Characterization of culturable microbial community in oil contaminated soils in Greater Port Harcourt Area, Nigeria

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The study investigated microbial population dynamics in soils of Greater Port Harcourt Area, Nigeria. The study involved the quantification of petroleum pollutants and the enumeration and characterization of culturable fungi and bacteria. Gas Chromatograph FID method was used to quantify total petroleum hydrocarbons (TPH) in the soil while morphological and biochemical tests were used to characterize the microorganisms. The highest TPH was 9,759.37±883.36 ppm which exceeded the Department of Petroleum Resources’ (DPRs’) intervention value of 5,000 ppm. The percentage of hydrocarbon utilizing fungi (% HUF) ranged between 1.93±0.57 and 66.55±5.60 which were observed in sites A1 (Aluu) and CA (Agricultural control), respectively. The percentage of hydrocarbon utilizing bacteria (% HUB) ranged between 0.12±0.01 and 7.89±1.25 which was observed in sites A3 (Emuoha) and CU (Urban control), respectively. The most prevalent bacterial species includes Bacillus subtilis, Micrococcus lylae, Staphylococcus aureus, Bacillus cereus and Alcaligen faecalis. The most prevalent HUB isolate was Bacillus subtilis. The most prevalent fungal isolates were Aspergillus niger, Aspergillus flavus and Candida torulopsis. A. niger was the most prevalent among the HUF isolates which was identified in 12 sites. It was concluded that the study sites harboured TPH degrading microorganisms that are appropriate for bioremediation of TPH polluted sites.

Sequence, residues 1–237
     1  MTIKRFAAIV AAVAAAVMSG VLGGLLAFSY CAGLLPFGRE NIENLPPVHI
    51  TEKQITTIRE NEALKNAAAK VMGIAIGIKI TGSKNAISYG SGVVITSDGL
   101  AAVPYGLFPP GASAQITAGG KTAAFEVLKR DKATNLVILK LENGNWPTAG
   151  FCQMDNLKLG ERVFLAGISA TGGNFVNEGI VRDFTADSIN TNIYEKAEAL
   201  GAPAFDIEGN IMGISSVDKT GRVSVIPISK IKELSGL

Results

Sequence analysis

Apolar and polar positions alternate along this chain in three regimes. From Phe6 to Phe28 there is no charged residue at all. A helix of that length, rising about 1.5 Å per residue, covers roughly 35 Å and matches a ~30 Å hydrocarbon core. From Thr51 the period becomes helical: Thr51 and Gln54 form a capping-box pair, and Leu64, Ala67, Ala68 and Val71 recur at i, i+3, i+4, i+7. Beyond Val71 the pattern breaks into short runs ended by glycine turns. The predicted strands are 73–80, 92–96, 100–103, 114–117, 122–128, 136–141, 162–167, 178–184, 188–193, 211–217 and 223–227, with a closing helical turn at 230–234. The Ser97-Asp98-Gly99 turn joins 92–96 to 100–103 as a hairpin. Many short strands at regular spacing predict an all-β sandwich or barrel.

Total petroleum hydrocarbons, soil pollution, biodiversity, fungi, bacteria.